·       Grading note: If you have spent at least 1 hour (but less than 2 hours on it), you’ll get 3 points even if there are errors. If you have spent at least 2 hours on it, you’ll get 4.5 points even if there are errors. For those spent at least 2 hours on it, if you did come to both sections of the class (50+50 minutes ~ 2 hours), you’ll get 5 points.

 

 

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Week 14: How do we program the behavior of the computer using loops (III)

 

Lab #11: More on a simple nim game (Python Programming #3C): Using while statements in Python: (12 Points) due: Wednesday, May 7.

 

Computer Science showcase: Cryptography and security

 

Reading#11: Read Chapters 9 and 10 of the textbook on the subjects of computer networks.

 

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Week 15: Review and Reflection

 

Lab #12: Creating a computer program to play the nim game intelligently (Python Programming #4): (12 Points) due: Wednesday, May 14.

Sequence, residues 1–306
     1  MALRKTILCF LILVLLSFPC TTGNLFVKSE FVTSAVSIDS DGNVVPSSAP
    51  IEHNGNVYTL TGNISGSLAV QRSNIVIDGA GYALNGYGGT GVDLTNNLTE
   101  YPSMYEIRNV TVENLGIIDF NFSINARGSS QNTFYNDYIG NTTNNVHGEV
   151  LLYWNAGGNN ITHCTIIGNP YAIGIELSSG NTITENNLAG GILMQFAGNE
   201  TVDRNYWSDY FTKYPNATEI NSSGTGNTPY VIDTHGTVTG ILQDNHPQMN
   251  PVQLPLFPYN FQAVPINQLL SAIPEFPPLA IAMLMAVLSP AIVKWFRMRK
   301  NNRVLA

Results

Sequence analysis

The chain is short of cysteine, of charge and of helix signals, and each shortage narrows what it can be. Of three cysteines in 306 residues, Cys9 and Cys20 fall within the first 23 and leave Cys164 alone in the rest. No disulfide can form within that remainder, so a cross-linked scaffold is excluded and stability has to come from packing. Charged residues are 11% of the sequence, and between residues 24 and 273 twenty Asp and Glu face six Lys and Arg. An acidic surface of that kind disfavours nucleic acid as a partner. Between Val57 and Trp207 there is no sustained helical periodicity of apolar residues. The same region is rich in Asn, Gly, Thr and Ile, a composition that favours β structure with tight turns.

Exam2 and Final Reflection Essay (Email the reflection essay to Dr. Lin):

·       Exam 2: 3:00~5:00pm, Monday, May 19.

Please carefully look into the study guide here. In-class open-book test on stuff covered in the readings, labs, and showcases.

·       Faith and Learning Reflection Essay: Email the reflection essay to Dr. Lin by the end of Wednesday, May 21.

 

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Email your weekly progress report to the TA: Jonathan Oh. 

TA hour: Wednesday 5:30-6:30pm at LIB 141.

Check your grade records under the Biola Blackboard System.

 

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About IDEA Evaluation:

 

A.   Criteria selected for this course:

·       Gaining factual knowledge of terminologies, methods, and trends in computer science (such as  the concepts of bits, bytes, binary numbers, memory, CPU, artificial intelligence, programming languages, and programming).

·       Learning fundamental principles of computer programming using Python as the programming language.

 

B: IDEA extra questions (Questions 48-52)